It is now a century since the Irish poet W. B. Yeats responded to the Easter uprising in 1916 leading to violence and death of many young men with the memorable lines: “everything changed, changed utterly, a terrible beauty is born.” His lines apply quite aptly to our times. If the first two decades of the twenty-first century left the world changed in many fundamental ways, 2021 has further accelerated the pace of the change. The public discourse may not have highlighted the changes; but that does not mean that they did not take place. In fact, the serious disconnect between reality and its perception too is part of that change.
If the Corona virus was a new virus, the experience of epidemic was in no way new to humans. There have been in the past other epidemics, plagues and natural disasters. Yet, the amount of attention paid in the public sphere to the Pandemic world over was something unprecedented. The TV space has remained predominantly occupied over the last two years, 2020 & 2021, by discussion related to public health and government regulations. However, there have been other issues deserving an equal degree of attention. These include: the political eco-system that is no longer conducive to the 20th century ideas of democracy; the siege of the human intellect by artificial intelligence; defeat of western forces by Taliban in Afghanistan; and most importantly the extreme degeneration of the environment. It was during this year that the fate of the Brexit was finally sealed, conclusively leaving broken the promise of turning the world into a global village. Covid has already made the world more disconnected than ever before, as nation after nation brought in area restrictions on free movement of people even within their own countries.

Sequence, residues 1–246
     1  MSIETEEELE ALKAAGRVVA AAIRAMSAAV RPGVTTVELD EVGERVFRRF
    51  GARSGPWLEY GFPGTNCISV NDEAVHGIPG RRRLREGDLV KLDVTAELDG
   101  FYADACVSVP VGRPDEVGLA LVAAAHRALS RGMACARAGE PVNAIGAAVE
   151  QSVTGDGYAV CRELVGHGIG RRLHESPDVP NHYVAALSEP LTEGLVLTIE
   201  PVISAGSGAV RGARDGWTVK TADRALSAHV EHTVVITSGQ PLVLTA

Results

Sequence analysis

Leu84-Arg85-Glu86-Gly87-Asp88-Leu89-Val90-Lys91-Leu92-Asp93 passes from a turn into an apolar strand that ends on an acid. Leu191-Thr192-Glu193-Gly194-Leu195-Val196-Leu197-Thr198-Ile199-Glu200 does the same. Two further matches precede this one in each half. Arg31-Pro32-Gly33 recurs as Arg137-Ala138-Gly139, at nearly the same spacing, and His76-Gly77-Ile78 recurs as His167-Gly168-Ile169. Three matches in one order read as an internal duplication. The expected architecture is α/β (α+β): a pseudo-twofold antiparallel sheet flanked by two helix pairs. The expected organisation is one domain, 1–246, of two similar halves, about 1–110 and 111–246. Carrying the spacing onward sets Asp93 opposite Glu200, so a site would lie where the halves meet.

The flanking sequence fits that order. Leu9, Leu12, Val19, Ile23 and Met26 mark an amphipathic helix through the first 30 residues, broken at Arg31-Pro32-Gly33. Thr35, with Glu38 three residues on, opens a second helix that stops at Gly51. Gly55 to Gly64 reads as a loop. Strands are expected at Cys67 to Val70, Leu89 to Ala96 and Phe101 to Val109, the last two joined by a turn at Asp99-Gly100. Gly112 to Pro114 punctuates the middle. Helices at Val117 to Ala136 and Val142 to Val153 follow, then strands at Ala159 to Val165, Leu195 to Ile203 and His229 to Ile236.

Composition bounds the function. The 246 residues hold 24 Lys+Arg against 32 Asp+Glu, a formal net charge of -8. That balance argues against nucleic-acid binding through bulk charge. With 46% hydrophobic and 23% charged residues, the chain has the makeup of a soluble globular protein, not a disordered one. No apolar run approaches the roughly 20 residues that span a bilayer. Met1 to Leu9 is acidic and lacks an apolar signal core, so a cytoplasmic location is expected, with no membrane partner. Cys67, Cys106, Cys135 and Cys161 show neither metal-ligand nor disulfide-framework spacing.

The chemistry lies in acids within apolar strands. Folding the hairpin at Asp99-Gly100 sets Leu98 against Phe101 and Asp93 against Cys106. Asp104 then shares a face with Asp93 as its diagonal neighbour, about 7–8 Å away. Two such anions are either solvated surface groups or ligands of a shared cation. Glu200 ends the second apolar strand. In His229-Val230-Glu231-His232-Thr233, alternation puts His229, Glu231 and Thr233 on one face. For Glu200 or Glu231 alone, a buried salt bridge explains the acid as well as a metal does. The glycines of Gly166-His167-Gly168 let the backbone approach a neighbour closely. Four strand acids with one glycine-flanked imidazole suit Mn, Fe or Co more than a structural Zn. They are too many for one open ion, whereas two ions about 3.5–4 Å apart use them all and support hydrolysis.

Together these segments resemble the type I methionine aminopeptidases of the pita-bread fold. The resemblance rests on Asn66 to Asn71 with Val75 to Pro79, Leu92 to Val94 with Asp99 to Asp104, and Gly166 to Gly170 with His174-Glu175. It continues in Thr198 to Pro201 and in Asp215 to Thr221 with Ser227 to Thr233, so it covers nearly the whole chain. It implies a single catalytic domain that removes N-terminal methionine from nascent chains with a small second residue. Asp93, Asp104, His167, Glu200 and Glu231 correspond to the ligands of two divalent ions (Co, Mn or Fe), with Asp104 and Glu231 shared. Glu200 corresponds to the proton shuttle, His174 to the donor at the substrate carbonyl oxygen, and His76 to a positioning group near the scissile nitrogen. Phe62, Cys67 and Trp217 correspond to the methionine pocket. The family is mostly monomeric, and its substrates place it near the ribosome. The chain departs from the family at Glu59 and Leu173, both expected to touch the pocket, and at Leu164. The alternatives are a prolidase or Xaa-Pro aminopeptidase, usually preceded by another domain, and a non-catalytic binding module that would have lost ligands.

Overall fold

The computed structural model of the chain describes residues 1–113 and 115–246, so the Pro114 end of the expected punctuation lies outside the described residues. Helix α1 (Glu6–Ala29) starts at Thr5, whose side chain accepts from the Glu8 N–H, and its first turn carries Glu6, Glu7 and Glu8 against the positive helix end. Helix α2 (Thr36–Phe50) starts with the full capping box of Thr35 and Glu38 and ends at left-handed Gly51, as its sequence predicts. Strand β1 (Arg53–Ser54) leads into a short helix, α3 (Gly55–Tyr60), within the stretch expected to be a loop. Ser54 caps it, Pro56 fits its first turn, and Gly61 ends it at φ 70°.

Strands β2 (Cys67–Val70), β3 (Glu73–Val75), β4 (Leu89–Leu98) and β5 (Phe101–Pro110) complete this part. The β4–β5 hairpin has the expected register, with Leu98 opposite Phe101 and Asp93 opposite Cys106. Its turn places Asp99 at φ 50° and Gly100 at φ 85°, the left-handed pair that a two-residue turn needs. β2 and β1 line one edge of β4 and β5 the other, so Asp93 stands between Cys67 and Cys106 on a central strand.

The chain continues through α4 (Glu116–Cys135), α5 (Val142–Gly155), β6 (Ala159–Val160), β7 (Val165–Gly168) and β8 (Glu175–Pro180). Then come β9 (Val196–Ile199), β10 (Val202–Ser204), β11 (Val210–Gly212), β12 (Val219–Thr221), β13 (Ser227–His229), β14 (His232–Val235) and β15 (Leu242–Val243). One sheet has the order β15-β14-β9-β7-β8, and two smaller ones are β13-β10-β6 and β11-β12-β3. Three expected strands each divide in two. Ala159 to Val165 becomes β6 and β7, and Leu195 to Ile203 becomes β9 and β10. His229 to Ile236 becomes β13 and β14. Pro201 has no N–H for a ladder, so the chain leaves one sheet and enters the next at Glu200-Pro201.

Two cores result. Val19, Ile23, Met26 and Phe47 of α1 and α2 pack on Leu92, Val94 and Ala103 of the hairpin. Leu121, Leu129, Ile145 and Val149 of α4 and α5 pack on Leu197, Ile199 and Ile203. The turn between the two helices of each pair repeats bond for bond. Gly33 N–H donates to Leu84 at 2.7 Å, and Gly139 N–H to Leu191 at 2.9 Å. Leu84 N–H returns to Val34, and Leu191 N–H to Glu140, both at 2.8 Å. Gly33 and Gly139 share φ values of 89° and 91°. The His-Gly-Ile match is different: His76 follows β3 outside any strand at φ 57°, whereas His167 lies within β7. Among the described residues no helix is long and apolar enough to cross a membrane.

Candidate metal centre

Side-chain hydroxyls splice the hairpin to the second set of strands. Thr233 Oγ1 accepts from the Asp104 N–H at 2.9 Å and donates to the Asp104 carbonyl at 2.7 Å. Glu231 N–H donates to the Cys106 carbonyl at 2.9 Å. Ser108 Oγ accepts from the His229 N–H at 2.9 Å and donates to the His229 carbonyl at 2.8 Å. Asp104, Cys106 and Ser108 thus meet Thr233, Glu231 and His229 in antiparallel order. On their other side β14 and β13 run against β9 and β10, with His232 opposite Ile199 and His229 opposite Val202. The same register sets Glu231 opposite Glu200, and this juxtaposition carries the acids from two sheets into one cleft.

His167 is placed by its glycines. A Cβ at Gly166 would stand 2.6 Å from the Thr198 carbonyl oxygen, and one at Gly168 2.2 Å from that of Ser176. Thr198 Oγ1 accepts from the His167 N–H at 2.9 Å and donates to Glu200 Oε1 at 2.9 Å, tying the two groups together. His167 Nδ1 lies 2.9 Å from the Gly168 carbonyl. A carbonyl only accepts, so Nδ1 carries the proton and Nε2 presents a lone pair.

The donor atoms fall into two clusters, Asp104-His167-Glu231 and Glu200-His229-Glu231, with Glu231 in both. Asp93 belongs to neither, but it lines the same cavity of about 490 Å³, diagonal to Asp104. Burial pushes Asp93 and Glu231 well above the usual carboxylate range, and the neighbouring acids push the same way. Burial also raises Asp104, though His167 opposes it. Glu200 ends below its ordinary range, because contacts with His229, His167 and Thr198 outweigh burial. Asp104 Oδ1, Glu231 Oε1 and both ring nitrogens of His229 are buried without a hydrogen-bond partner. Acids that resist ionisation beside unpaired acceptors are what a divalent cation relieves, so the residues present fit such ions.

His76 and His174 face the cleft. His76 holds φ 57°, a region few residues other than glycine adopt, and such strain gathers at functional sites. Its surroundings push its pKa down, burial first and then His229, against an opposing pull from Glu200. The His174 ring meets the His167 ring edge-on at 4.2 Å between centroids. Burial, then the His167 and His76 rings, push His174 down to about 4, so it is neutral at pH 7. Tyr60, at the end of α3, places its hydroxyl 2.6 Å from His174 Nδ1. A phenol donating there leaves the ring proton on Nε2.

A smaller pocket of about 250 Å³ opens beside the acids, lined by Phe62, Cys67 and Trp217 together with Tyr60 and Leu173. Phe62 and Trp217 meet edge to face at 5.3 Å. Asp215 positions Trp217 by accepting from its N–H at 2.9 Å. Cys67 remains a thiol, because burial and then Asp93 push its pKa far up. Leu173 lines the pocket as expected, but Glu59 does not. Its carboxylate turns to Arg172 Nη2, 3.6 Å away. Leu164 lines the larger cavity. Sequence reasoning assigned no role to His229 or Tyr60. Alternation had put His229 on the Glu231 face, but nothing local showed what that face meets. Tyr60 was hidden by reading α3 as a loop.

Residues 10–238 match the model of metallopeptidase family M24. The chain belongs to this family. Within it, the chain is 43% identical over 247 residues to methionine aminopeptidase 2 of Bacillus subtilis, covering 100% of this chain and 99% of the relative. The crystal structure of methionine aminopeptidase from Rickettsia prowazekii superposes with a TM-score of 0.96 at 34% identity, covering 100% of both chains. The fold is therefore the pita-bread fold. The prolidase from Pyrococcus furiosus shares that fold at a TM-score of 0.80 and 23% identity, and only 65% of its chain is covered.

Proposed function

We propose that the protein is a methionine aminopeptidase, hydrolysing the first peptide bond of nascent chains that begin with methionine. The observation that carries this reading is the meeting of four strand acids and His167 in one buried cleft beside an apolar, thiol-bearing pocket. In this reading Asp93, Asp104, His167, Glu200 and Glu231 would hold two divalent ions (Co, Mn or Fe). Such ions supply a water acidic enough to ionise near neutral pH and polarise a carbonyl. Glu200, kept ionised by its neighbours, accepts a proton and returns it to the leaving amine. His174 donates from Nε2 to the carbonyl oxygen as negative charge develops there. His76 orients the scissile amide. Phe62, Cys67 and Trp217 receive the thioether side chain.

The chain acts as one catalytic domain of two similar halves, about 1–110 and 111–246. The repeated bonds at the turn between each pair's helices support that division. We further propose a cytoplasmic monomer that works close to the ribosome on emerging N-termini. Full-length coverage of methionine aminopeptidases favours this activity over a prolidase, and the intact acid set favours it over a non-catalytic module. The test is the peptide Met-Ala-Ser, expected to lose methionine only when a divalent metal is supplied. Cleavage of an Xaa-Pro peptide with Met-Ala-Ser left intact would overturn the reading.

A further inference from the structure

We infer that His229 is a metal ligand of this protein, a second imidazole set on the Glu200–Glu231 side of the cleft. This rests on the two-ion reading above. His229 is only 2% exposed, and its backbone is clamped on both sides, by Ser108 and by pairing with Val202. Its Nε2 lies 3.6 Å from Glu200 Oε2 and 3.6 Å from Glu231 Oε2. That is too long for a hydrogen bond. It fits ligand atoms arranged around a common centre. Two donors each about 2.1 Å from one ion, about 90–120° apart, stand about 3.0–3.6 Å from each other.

Despite the end of the Donald Trump presidency in the US, the political eco-system continues to consolidate orthodoxies and conservatism in an extreme degree. Democracy, where it still survives, showed signs of an unfathomable fatigue in 2021. Civil liberties remained curtailed through most part of the year. Fundamentalists and their non-state armies achieved greater success in capturing social spaces and institutional havens. Violence of a shockingly brutal variety and terrorism of many shades became the every-day narrative. State surveillance and invasion of citizens’ privacy were the order of the day. The free-wheeling capital and the tax-evading digital currencies, together, have widened the gap between the super rich and the larger part of the humanity. While, in most countries the employment statistics hit the rock bottom, the wealth of the wealthy few has risen beyond ordinary comprehension. The inter-locking between artificial intelligence and the human intellect continued to alter the business of being human. Natural languages kept approaching the condition of a collective aphasia. Literature continued to move closer to media creating a new heady amalgam of the natural and the digital, the post-truth. The arts, cinema and theatre scene remained lack-lustre. These are reasons for one to remember 2021 as an eminently forgettable year.